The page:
From my work with students in the American classroom, I knew that a vital aspect of self-value and confidence could develop through writing about one’s own experiences, made complex and contextualized with reflections upon those experiences. In many cases, such reporting and thoughtful commentary could also bring to light wider social and cultural issues, as private experiences come into public view. Students begin to see that their own lives are both influenced by a variety of societal imperatives, and autonomous, as they navigate their way through the forest of ‘musts’, ‘shoulds’ and ‘can’ts’, guided by their own brightening lights.
So the real motive of the Portugal project was the gesture toward developing in students a growing sense of individual worth, that their lives ‘mattered’, for I suspected that the larger Portuguese culture reflected, to some extent, the diminished energy of an under-developed collective individualism.3 In this place with a “passion for tranquility” (Hatton 281) I hoped the course would invigorate students sufficiently to feel that they were entitled to ask questions, to speak and to expect to be heard in a society that had kept such feelings of value under wraps.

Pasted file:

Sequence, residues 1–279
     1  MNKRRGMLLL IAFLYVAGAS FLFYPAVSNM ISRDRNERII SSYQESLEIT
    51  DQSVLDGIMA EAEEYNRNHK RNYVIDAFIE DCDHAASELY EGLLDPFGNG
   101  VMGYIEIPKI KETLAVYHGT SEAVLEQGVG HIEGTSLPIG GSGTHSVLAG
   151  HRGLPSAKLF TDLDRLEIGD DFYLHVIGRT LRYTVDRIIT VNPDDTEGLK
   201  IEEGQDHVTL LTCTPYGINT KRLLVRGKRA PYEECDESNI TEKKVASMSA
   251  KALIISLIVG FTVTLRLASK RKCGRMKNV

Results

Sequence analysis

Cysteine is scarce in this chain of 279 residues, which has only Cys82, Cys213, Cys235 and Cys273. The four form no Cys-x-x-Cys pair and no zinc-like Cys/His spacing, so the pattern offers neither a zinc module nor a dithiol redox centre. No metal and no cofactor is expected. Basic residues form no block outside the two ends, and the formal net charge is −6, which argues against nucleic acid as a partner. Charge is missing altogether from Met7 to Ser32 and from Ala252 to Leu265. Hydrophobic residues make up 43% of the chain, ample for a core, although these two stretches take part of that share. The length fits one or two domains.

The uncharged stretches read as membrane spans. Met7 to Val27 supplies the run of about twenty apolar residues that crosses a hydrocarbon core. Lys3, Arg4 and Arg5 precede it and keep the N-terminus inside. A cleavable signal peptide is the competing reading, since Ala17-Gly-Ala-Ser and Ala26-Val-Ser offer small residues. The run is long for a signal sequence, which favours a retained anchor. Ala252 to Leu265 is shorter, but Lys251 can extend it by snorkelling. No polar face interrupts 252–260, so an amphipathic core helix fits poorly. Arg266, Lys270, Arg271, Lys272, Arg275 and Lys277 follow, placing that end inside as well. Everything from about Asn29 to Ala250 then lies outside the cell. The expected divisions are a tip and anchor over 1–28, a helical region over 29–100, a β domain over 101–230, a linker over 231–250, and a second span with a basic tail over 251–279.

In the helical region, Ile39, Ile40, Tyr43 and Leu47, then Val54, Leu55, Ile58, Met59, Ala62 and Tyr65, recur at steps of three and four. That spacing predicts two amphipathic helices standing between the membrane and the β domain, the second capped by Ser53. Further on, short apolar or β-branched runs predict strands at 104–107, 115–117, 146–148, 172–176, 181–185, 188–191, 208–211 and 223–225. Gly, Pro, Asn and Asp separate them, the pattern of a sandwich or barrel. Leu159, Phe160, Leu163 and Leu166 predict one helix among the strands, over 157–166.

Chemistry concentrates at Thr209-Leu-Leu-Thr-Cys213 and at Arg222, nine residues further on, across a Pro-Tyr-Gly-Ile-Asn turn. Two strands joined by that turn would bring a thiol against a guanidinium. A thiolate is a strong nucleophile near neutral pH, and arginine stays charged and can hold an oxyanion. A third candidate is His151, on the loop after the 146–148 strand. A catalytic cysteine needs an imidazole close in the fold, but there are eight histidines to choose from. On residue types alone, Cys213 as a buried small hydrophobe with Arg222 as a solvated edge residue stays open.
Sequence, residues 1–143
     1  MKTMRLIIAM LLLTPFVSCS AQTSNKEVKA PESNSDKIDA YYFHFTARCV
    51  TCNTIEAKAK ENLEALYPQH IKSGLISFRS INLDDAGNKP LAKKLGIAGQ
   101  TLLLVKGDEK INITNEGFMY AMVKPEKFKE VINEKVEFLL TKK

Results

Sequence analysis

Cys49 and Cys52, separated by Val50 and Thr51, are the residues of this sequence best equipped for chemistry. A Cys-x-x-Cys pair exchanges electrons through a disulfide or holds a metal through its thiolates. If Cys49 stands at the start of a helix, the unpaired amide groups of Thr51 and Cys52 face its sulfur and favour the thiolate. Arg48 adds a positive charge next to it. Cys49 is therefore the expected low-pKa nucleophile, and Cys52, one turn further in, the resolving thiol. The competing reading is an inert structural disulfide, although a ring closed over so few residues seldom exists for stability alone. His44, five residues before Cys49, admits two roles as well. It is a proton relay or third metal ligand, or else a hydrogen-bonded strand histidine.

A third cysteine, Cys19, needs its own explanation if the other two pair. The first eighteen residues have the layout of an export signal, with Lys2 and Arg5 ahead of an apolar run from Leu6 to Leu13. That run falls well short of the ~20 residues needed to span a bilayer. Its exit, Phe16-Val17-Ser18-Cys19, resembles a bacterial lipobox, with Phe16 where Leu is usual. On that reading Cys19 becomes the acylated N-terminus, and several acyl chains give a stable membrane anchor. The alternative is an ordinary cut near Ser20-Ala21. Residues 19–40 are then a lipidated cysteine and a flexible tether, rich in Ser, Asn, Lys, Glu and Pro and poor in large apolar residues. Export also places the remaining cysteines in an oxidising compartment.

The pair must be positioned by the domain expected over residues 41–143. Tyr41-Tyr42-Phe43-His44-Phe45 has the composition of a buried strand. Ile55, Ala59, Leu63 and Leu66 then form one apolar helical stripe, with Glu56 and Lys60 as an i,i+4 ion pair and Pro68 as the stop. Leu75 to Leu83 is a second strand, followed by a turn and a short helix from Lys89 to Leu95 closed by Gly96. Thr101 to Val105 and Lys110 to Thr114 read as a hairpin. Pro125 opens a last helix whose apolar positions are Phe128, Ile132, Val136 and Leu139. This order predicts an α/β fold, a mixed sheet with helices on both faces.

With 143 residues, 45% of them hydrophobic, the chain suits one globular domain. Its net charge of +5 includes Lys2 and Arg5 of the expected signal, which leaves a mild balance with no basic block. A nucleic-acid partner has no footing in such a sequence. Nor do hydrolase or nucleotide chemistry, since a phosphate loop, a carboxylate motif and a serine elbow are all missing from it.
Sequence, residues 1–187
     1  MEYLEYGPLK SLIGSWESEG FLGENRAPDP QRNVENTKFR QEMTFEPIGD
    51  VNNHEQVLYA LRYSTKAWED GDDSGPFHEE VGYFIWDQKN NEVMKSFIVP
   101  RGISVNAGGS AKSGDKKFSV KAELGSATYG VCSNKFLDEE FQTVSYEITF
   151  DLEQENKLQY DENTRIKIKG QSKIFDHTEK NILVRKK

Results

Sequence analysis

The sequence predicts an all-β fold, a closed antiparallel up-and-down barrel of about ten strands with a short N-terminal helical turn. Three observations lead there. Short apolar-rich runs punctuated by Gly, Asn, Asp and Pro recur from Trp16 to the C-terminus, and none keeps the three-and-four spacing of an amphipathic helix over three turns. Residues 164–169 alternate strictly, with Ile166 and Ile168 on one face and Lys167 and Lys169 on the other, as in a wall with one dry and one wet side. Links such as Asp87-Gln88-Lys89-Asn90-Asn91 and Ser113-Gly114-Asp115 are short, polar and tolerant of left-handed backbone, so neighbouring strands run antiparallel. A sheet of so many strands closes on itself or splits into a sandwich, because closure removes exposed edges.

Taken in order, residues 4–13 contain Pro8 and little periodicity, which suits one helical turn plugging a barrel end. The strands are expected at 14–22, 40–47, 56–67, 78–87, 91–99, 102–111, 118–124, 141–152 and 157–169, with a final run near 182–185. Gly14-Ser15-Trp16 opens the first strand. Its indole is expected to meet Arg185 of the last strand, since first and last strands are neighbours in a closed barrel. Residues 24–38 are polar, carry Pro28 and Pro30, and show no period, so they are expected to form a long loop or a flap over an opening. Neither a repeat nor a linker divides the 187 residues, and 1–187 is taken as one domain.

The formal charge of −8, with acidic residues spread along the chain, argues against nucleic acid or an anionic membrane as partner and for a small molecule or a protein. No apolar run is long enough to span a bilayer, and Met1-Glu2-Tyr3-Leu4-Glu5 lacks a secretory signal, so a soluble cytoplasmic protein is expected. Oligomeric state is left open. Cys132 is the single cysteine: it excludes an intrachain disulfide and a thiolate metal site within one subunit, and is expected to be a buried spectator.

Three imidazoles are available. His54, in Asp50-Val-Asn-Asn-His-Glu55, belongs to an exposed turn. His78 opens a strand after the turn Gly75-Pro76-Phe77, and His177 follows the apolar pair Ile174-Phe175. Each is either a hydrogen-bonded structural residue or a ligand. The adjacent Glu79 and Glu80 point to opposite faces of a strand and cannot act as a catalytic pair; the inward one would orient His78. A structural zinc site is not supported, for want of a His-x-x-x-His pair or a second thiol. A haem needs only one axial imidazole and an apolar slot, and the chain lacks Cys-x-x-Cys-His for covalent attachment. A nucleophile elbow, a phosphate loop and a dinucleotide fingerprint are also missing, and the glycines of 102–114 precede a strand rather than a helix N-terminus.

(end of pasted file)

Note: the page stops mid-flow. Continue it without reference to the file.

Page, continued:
The ethos of the course was clear to me and may seem rather radical in its connection between valuing personal narrative and the more general liberties and energies of the culture. José Gil, Portugal’s great contemporary philosopher, suggests the connection in his book Portugal Today: Fear of Existing:
I trusted that ‘free writing’, a foundational process of the course I’d planned, would generate more ‘free thinking’ with resulting inquiry, reflective commentary and critical thinking. Free writing, the singular act of writerly empowerment and self-advocacy, would do an ‘end-run’ around students’ inhibitions, self-criticism and cultural constraints.5 Our work would run counter to Portugal’s “national experience of ‘non-inscription’” (Lessa 205).6
The course was designed to confer ‘authorship’/authority on students regarding their own lives, the deepest, most affecting value of life story writing. Though not ostensibly related to what we think of as ‘politics’, our study addressed the more basic political idea of how power is expressed and enacted in society and in relationships. The method was to provide guidance and opportunity for students to think, speak and write about their own lives in the context of a variety of societal structures – cultural, social, familial, religious, personal – to create a more engaged, thoughtful, active citizenry. In the context of the classroom, students indeed became more engaged, thoughtful and active citizens. They came to class regularly (something I was assured they would not do after the first month), came prepared with printed-out copies of their readings marked with their notes, and offered interesting commentary on the texts under study. It was here that the newly vigorous integration of self-in-world began.